An ice cream manufacturer has installed a plant that will transform slurry into biofuel to help power its Aberdeenshire plan.
Mackie’s of Scotland is installing a plant that will transform the slurry from its 400-strong herd of cows into biofuel to help power its Aberdeenshire plant.
The development of a 250 kW anaerobic digestion (AD) facility at the company’s dairy farm in Westertown, Rothienorman, currently under consideration, would make the firm entirely dependent on renewable energy.
The company has teamed up with scientists at Edinburgh Napier University’s Biofuel Business Programme (BBP) to devise plans for the plant that will use thousands of tonnes of slurry to generate methane biogas which can then be transformed into electricity.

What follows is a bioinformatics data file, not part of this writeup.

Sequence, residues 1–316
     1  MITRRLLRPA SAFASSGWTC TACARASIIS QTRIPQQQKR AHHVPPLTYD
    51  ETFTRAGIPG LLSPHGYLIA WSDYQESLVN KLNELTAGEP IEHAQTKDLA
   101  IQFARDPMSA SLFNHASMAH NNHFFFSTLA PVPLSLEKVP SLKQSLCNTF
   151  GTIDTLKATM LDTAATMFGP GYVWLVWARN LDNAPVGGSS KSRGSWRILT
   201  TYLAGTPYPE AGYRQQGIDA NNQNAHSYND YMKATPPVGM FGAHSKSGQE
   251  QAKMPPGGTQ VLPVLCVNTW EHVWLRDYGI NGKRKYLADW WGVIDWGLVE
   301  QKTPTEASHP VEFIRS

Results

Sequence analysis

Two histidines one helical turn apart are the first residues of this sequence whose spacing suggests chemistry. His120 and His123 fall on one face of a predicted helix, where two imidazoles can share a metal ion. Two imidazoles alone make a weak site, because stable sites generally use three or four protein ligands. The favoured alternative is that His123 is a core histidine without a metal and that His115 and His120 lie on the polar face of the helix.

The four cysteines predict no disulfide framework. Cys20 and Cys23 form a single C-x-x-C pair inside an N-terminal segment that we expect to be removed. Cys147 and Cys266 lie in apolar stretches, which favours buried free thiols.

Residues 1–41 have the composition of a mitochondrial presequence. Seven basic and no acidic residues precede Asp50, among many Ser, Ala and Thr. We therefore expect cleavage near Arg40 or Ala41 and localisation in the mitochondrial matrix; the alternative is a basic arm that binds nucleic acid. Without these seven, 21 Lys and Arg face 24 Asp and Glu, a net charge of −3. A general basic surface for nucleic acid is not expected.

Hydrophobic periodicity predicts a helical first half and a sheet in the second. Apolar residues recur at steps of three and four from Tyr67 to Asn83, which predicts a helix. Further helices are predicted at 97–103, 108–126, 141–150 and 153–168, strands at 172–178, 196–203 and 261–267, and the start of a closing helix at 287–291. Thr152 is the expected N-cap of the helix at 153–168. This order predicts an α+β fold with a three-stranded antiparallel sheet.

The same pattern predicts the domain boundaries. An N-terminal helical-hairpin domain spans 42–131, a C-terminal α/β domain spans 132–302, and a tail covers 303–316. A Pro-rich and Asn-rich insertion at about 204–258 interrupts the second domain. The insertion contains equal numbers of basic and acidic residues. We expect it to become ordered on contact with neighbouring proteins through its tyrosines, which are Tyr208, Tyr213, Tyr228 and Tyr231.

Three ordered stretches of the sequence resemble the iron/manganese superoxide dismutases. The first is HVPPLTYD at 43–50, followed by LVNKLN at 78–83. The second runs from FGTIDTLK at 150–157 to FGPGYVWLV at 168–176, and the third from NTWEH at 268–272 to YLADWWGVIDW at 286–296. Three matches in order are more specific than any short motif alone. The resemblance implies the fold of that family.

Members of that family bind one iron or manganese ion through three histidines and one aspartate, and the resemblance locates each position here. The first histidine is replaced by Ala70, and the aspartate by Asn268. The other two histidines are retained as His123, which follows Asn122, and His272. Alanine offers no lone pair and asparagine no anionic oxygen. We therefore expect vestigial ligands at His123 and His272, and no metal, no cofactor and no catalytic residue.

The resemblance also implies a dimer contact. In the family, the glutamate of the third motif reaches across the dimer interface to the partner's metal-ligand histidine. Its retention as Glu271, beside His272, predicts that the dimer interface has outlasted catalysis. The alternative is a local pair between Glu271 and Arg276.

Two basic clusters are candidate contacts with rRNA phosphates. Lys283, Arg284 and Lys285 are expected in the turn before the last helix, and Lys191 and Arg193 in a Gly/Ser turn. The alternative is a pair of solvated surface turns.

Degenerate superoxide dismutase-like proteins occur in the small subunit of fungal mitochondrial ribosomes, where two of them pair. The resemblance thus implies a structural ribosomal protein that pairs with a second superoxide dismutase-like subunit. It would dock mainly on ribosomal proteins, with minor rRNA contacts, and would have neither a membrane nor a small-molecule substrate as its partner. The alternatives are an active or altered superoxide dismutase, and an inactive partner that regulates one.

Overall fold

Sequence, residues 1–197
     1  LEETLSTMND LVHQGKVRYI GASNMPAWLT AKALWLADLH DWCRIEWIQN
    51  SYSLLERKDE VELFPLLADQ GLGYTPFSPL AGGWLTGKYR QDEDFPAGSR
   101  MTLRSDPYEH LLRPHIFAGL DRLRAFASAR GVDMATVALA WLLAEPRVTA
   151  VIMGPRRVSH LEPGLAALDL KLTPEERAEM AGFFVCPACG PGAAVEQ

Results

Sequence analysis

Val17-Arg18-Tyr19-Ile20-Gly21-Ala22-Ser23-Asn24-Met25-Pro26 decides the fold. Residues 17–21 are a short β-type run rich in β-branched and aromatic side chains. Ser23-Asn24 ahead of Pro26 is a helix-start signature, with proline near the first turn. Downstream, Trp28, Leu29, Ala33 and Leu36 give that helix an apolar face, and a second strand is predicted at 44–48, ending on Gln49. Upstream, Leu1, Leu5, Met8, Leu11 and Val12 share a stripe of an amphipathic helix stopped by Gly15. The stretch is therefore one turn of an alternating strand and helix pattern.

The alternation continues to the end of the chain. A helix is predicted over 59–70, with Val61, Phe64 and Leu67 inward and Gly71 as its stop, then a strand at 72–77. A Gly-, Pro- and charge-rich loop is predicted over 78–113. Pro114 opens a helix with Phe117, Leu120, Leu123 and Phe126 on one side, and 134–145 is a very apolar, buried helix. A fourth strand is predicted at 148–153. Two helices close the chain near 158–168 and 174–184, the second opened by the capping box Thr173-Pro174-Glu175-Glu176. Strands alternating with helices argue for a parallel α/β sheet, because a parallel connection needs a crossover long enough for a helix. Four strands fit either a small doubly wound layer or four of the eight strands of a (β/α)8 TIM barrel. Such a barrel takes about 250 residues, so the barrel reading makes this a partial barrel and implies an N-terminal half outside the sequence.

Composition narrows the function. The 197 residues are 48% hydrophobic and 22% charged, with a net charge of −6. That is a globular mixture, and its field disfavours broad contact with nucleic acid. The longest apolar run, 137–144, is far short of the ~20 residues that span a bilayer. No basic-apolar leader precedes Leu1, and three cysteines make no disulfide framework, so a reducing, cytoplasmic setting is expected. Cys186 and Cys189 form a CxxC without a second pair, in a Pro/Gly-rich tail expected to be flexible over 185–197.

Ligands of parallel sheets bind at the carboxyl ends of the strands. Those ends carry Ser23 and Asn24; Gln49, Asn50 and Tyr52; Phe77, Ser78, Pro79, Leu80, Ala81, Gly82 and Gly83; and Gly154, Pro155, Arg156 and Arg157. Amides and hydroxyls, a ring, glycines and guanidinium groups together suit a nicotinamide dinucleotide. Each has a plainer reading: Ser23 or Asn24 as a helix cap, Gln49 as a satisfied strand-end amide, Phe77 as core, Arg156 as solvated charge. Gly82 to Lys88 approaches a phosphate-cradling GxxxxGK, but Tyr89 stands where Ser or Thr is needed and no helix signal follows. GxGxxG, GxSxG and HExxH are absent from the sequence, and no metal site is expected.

It is estimated that using AD will help the firm to save up to £300,000 in fuel costs as well as creating one new job and safeguarding two others
Mackie’s of Scotland is one of a number of businesses given advice and assistance by the BBP, part of Edinburgh Napier’s Biofuel Research Centre (BfRC) to help them turn waste products into fuel.
It approached the BBP seeking help to deal more efficiently with the slurry which is currently used as an agricultural fertilizer.
The company was an early adopter of renewable energy, introducing an 800 kW wind turbine in 2005 to supply electricity to the farm and ice cream production, followed by an additional two 800 kW turbines in 2007, which now supply 70 per cent of the firm’s energy needs and allow 62 per cent of their total output to be exported to the national grid.
A further 50 kW of solar panels were added earlier this year to complement the wind turbines to reduce grid usage during daylight hours when Mackie’s power usage is at its highest.